As for The Passion of the Christ, I don’t think there’s much we can learn about grace from this depiction, unless you consider the opposite of grace—which has plenty of material available in this picture. One man’s obsession with the torture of another human being does not transfer really well. The true miracle of the crucifixion is the difference it made in the lives of those after Christ, not the pain he endured.

There’s no need to be a pulp Christian and obsess over blood and guts. If you yearn for grace, consider the miracle of your own existence—that you were introduced to this world with so many experiences ahead of you and so many people to love. And then look to the love, forgiveness, and kindnesses people afford each other, for that’s where you’ll get the best representation of the grace of God presently active in this world.

Conscience Jolted and Yet No Apology

I’ve maintained for a long time that men need to hold each other accountable, at least to a certain degree. A few months ago I was on the receiving end of some firm advice and since then I’ve taken the time to digest the experience.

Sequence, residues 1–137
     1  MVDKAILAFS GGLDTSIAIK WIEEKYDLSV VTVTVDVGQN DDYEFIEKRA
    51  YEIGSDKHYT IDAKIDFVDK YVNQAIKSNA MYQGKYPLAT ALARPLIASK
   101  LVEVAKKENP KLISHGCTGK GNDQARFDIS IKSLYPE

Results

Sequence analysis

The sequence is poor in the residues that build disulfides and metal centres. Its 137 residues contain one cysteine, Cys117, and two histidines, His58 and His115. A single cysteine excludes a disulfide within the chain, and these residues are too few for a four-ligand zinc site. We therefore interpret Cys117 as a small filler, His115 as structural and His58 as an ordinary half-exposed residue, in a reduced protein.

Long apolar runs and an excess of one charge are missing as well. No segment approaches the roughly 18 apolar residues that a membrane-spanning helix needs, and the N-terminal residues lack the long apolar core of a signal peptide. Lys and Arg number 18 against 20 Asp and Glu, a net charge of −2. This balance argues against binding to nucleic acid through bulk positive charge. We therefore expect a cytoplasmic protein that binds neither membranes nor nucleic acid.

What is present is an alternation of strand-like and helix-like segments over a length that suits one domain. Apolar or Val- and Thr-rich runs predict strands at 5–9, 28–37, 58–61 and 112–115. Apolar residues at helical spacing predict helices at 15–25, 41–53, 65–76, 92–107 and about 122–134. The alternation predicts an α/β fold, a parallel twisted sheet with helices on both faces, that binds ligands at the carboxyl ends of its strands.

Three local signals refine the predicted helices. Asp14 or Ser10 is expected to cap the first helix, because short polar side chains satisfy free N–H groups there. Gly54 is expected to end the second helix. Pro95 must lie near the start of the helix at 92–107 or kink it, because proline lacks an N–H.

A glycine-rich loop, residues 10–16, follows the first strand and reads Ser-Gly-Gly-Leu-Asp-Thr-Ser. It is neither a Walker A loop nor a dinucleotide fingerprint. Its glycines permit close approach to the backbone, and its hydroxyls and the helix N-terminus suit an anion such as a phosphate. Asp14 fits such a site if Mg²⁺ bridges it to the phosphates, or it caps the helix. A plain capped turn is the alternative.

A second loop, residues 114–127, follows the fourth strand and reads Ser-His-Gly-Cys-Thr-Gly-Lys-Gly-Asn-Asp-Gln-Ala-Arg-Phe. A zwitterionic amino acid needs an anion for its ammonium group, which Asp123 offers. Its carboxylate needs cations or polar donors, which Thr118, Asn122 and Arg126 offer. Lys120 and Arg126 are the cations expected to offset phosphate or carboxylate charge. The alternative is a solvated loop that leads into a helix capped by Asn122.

It was a late Saturday afternoon–gray and overcast, the roads still shiny after a light drizzle–and my wife and I were making a last second trip to the grocery store.

When I signaled to enter into the left hand turn lane, a weathered, aquamarine Toyota Echo darted across three lanes, forcing me to brake hard to avoid a collision. I could have stopped, but the maneuver slowed me down to about 30 km/hour. So, in total disregard of my wife’s protests, I zipped around the beat up compact and made the left-hand turn.

Appearances, especially during moments of indiscretion, can definitely be deceiving. When the car had cut me off, I assumed the vehicle was being driven by either an old lady or a teenager. I mean, who else pulls out in front of you and reduces their speed like that?